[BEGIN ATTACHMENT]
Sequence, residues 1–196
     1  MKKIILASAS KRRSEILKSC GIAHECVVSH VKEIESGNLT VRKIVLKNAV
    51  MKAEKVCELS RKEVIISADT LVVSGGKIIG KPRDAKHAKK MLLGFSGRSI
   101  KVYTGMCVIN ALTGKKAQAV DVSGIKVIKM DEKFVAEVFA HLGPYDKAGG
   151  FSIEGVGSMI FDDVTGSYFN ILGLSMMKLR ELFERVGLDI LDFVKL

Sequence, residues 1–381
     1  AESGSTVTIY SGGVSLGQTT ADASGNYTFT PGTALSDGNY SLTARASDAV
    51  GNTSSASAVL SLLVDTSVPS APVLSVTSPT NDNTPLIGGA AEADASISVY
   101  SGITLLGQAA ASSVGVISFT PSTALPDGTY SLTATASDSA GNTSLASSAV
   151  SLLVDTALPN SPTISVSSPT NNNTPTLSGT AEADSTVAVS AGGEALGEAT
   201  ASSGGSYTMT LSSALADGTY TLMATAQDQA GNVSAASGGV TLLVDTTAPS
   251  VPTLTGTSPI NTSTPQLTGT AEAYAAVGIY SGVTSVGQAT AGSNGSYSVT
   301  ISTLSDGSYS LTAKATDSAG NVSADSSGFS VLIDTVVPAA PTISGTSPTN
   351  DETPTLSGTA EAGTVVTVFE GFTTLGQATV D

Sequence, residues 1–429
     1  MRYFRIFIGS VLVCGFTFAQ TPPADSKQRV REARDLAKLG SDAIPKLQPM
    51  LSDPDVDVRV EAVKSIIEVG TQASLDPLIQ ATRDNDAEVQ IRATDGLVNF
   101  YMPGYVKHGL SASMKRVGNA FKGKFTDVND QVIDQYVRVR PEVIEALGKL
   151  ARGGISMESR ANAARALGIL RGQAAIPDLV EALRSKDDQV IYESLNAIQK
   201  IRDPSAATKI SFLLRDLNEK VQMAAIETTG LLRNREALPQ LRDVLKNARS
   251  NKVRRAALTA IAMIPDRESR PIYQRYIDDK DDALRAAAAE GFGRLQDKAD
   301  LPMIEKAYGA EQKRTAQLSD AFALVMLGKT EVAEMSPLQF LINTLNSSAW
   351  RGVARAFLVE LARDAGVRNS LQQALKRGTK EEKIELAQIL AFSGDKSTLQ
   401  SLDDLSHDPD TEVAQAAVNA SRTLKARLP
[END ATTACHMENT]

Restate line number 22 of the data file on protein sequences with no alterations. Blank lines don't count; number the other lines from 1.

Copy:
   301  LPMIEKAYGA EQKRTAQLSD AFALVMLGKT EVAEMSPLQF LINTLNSSAW